Shoulder Press: Sit with a weight in each hand, palms facing forward, and bring the weights to shoulder height so your upper arms are parallel to the floor. Bend your elbows and slowly lower the weights behind your head before pressing them back to the starting position.

Arnold Press: Sit with a weight in each hand, palms facing your thighs. Bring the weights to shoulder height so that your upper arms are parallel to the floor, then rotate your wrists so that your palms face forward. Bend your elbows and slowly lower the weights behind your head before pressing them back to the starting position.

Lateral Raise: Stand with feet hip-width apart, holding a weight in each hand with your palms facing your thighs. Raise your arms out to the sides until they’re in line with your shoulders, then pause and squeeze your shoulder blades together before slowly returning to the starting position.

 

Biceps and triceps

Seated Bicep Curl: Sit with a weight in each hand, palms facing forward, and bring the weights to shoulder height so your upper arms are parallel to the floor. Bend your elbows and slowly lower the weights behind your head before pressing them back to the starting position.

Hammer Curl: Stand with feet hip-width apart, holding a weight in each hand with your palms facing your thighs. Curl the weights up towards your shoulders, keeping your elbows close to your sides.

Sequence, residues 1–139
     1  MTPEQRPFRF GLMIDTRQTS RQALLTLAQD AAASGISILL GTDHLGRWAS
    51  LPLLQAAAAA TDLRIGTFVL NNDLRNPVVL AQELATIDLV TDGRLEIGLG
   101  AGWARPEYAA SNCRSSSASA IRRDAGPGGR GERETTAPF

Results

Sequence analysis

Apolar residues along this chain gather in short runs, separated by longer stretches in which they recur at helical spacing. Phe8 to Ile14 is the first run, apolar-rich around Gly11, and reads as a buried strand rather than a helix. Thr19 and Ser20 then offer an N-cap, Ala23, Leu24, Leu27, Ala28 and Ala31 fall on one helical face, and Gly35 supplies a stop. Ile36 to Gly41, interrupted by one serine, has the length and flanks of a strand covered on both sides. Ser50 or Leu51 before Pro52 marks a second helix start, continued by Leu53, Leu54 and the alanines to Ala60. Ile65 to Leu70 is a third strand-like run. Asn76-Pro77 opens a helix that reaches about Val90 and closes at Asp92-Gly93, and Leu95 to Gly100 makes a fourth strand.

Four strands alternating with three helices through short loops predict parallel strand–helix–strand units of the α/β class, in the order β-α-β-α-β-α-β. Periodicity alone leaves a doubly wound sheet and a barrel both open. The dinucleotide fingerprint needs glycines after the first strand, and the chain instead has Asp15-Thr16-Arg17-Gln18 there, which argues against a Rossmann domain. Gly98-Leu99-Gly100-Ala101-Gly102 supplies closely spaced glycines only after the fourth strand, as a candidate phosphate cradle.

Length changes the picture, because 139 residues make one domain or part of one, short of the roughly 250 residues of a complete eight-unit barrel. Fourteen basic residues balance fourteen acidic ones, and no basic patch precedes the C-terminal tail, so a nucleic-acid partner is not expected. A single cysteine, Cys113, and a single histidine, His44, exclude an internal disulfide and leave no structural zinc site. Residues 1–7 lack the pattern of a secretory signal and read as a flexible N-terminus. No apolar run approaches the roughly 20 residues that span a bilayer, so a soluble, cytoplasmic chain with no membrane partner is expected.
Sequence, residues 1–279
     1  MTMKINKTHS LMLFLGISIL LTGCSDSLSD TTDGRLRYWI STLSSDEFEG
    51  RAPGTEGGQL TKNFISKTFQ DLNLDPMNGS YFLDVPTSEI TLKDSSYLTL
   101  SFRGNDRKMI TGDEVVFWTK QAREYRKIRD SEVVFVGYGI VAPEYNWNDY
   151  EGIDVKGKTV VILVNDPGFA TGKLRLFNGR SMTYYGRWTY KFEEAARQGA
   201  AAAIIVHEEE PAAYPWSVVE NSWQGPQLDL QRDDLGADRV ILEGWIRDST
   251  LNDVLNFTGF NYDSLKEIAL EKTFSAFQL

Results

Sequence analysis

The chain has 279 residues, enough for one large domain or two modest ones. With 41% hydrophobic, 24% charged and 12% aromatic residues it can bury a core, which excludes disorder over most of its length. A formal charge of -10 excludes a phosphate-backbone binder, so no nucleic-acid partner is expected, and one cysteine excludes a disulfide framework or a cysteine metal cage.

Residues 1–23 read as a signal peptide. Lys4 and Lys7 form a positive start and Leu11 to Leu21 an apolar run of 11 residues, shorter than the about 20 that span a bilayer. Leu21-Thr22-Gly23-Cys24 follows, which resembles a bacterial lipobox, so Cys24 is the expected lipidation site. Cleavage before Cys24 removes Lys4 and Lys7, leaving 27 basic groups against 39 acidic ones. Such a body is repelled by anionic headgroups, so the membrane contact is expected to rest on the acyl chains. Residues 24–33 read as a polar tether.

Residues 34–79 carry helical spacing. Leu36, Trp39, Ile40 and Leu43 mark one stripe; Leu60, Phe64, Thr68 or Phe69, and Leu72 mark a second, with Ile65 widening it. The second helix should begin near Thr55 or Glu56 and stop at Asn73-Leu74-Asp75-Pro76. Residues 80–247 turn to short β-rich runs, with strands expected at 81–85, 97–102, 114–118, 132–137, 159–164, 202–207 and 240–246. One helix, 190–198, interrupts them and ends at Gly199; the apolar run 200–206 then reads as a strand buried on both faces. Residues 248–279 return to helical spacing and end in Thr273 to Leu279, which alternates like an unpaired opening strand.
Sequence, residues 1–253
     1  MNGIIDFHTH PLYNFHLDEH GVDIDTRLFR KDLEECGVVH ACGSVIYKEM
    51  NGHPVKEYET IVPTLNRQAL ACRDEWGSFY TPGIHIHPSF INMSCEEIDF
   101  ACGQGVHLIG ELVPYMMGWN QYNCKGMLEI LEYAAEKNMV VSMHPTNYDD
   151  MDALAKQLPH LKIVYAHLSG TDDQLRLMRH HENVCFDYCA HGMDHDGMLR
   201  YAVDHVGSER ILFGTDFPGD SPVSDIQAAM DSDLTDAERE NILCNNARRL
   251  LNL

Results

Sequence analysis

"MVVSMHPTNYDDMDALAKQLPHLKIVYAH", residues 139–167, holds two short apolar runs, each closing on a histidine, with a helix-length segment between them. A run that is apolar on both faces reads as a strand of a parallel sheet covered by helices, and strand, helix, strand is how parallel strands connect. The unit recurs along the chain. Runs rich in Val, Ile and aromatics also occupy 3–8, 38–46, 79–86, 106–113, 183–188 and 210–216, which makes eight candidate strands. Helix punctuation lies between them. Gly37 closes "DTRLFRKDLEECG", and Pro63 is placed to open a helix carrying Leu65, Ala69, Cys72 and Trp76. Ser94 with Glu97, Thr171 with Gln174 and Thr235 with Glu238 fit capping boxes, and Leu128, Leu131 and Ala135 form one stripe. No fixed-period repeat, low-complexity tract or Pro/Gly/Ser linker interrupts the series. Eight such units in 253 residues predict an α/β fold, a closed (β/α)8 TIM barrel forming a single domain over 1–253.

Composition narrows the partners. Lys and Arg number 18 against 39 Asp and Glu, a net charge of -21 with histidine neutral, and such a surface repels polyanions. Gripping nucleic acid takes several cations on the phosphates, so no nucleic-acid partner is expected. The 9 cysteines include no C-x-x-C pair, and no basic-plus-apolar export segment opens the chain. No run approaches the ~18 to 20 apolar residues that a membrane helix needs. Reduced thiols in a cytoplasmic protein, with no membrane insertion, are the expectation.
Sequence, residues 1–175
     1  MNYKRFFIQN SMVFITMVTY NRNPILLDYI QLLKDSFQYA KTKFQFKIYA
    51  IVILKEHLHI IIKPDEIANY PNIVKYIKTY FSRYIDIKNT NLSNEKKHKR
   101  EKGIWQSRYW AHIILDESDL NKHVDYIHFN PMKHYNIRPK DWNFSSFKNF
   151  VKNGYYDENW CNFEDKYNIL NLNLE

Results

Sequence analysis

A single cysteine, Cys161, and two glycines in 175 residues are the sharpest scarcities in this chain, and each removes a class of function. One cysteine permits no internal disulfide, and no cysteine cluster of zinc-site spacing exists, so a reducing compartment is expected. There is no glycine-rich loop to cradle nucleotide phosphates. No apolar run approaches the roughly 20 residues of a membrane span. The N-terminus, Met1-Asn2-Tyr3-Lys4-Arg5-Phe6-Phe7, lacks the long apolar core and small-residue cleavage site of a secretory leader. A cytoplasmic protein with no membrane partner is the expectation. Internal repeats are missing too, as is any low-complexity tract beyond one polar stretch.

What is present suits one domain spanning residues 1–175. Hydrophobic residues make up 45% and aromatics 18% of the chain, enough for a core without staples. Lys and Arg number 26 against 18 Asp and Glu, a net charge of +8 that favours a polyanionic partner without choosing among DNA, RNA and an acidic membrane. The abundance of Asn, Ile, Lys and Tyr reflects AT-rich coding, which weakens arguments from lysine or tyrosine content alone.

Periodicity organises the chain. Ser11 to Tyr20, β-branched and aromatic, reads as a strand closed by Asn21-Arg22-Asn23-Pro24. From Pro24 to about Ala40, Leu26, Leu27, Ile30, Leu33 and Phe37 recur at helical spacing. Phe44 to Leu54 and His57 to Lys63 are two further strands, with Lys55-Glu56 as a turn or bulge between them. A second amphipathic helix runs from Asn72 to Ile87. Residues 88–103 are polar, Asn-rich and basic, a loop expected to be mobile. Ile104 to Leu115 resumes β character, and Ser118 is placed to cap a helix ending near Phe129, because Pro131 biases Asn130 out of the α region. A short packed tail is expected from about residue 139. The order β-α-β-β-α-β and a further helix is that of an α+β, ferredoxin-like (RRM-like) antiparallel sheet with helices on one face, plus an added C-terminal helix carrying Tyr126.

Tricep Extension: Lie on your back on a bench and place your feet flat on the ground. Hold a weight in each hand and extend your legs until they’re straight. Slowly lower them back down to the starting position.

Overhead Tricep Extension: Sit with a weight in each hand, palms facing forward, and bring the weights to shoulder height so your upper arms are parallel to the floor. Bend your elbows and slowly lower the weights behind your head before pressing them back to the starting position.

 

Taking Your Fitness to the Next Level

As you can see, there are plenty of isolation exercises to choose from – so no matter what your fitness goals may be, you’re sure to find the perfect one for you. Just be sure to focus on proper form and technique, and always start with a lower weight until you’re comfortable with the exercise.

At Fort Fitness, we work with people of all fitness levels to create exercise routines and combine forms of exercise that work for you. If you’re interested in learning more about isolation exercises and how to implement them in your exercise regime, call 949-544-1557. Fort Fitness has got your back!